Need New Ideas to Help Expose Your Child to New Foods?
A common concern parents of Picky Eaters or Problem Feeders share is that it can be hard to expose your child to new foods, especially if they aren’t able to eat meals at the same time with the family or if they are reluctant to even being in the same room with you if you are eating something different. While we have many strategies and tips for helping kids learn to enjoy learning about new foods, a common first place to start is just getting the child into the kitchen with you while you are preparing foods. Here are a few simple ideas that you can start incorporating tonight!
Set up a ‘washing station’ at your sink and have your child wash the fruits and/or vegetables you are preparing for the meal with a scrub brush (We love this fruit and veggie prep kit from Curious Chef, which comes with a vegetable scrubber, melon baller, medium nylon knife (which actually cuts food, but not skin), an apple slicer, large silicone spoon, and a vegetable peeler. Kids as young as 18 months can be quite successful with this task, especially if you invest in a Kitchen Helper Stool or Learning Tower (even if you end up re-washing the fruits and veggies later).
Have your child be the ‘spice master’ for a recipe. Set out the spices and dried herbs for the recipe and let them measure and add them in. One of our therapists gives her toddlers a bowl of the spices already measured out and lets them stir the spices, then pour the whole bowl into the pot. Older kids can benefit from the opportunity to practice smelling different herbs and spices and describing the smells (big or small; sweet, spicy, smokey, plant-y, etc.)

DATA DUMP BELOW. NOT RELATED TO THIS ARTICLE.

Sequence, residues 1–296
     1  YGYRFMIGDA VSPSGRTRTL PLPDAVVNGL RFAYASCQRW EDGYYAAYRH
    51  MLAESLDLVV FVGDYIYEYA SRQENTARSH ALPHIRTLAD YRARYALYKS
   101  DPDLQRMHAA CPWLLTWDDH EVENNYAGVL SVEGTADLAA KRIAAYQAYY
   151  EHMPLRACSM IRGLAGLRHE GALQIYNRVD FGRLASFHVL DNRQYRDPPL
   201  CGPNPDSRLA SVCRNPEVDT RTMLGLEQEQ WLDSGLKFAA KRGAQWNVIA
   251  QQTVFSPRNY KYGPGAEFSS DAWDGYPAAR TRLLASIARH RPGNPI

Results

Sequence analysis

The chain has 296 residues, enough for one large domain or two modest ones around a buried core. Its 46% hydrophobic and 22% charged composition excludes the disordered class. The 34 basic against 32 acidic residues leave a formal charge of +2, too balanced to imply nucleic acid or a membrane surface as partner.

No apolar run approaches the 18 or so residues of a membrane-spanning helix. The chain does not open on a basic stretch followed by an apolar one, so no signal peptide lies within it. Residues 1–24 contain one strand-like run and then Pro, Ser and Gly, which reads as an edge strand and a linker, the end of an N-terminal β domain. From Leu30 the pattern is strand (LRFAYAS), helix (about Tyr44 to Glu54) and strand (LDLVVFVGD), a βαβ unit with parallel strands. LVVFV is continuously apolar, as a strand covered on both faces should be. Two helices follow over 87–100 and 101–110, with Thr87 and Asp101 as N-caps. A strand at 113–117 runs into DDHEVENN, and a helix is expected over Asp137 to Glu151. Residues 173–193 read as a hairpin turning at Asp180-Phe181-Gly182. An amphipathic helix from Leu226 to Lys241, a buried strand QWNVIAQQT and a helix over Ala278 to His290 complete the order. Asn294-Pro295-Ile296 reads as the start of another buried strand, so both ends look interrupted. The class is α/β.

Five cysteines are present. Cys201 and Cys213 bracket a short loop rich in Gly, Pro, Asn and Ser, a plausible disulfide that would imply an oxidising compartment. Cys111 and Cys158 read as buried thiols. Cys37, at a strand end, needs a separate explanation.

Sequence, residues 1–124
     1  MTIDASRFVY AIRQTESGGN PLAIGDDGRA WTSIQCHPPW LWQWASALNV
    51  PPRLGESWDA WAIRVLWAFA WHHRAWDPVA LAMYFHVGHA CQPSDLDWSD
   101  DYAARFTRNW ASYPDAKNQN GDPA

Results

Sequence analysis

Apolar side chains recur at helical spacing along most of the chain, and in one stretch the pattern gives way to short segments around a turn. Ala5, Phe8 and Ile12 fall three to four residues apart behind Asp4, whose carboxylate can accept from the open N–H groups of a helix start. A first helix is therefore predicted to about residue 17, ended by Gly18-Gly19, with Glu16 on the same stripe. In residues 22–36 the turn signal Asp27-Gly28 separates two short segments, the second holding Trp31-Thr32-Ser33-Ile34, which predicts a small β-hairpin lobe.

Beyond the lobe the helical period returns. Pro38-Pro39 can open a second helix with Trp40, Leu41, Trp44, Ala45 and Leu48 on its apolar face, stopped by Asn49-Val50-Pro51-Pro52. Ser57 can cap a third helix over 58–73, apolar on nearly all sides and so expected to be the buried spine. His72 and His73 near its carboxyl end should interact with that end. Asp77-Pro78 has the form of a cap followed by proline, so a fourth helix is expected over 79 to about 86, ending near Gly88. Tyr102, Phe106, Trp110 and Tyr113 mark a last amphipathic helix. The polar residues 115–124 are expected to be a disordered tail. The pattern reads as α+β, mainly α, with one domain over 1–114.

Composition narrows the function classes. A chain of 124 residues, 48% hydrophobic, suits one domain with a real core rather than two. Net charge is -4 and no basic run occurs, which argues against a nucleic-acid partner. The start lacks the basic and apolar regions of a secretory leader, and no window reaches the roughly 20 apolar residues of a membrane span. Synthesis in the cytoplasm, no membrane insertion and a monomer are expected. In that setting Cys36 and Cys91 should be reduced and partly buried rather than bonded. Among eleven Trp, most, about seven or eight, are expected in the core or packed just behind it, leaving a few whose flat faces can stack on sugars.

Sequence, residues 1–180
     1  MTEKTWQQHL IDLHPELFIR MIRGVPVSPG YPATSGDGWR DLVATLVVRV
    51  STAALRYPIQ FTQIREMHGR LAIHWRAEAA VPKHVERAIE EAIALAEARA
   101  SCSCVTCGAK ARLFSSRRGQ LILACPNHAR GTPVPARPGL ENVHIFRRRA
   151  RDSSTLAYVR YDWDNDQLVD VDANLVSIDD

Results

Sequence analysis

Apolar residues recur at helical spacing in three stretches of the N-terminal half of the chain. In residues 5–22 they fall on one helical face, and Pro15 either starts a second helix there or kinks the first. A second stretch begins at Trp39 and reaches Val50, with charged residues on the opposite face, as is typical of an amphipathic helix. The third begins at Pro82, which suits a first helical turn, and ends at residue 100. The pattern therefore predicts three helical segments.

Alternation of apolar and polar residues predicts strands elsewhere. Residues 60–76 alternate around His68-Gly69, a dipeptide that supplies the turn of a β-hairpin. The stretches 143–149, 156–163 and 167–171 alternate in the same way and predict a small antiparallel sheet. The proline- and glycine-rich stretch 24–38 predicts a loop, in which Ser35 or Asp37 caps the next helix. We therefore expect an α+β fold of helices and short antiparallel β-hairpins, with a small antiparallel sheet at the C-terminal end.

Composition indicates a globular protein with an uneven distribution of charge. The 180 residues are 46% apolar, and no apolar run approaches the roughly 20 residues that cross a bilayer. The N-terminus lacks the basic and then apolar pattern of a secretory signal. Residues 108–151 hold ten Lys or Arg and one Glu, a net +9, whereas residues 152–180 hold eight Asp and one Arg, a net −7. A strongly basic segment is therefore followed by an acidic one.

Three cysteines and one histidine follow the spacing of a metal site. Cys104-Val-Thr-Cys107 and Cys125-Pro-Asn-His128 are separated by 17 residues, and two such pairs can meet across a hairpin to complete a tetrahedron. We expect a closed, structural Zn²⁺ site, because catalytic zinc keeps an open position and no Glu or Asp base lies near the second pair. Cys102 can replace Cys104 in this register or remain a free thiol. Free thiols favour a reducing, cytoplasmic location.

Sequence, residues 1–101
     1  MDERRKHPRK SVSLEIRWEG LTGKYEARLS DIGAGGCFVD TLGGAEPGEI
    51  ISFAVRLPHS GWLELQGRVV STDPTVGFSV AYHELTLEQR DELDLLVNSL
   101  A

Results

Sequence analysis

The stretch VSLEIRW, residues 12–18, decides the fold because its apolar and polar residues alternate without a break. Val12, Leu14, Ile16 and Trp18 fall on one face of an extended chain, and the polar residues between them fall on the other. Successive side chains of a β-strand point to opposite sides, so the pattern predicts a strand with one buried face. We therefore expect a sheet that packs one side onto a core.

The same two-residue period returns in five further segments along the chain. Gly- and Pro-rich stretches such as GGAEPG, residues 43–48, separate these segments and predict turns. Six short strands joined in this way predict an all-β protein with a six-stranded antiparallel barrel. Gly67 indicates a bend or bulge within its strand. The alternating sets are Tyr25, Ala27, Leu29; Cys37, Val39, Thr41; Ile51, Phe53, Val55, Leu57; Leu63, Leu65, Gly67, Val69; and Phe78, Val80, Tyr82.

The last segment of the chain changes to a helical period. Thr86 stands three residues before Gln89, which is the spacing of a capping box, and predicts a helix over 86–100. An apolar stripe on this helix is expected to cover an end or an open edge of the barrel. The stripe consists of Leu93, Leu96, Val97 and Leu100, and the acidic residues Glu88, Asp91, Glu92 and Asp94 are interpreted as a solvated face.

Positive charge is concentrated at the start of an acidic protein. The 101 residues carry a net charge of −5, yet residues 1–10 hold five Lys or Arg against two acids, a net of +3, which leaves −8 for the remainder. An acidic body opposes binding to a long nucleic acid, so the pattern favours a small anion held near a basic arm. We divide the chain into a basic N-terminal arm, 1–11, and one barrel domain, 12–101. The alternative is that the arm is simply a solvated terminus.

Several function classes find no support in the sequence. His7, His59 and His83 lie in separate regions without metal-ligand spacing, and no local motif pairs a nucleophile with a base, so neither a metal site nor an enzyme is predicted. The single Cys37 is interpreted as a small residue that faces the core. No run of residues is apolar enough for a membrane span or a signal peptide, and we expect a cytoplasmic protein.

If cooking is a challenge for you, you might consider enlisting some help so you can all learn basic kitchen skills together. We love the online, self-paced cooking classes created for children of all ages by Kids Cook Real Food. The best part, is there are kids in the videos, actually learning and modeling the skills as well, which can be great for many kids who are visual learners.
There are also many great cookbooks created specifically for kids. One of our favorite books is Food Activities for Children: No Heat, Meat, or Fancy Kitchen Gadgets Required, which was written by an occupational therapist, specifically for kids who are having a hard time learning about new foods. Since she is an occupational therapist and feeding therapist, she is able to break down all of the learning opportunities involved in preparing a recipe, including learning about the sensory aspects of each ingredient and helping to develop fine motor skills and coordination while still being fun!
We have many more strategies and recommendations within the articles you have access to when you become a member, and members are also able to e-mail us questions and receive specific, individualized recommendations about their child and how to best support them.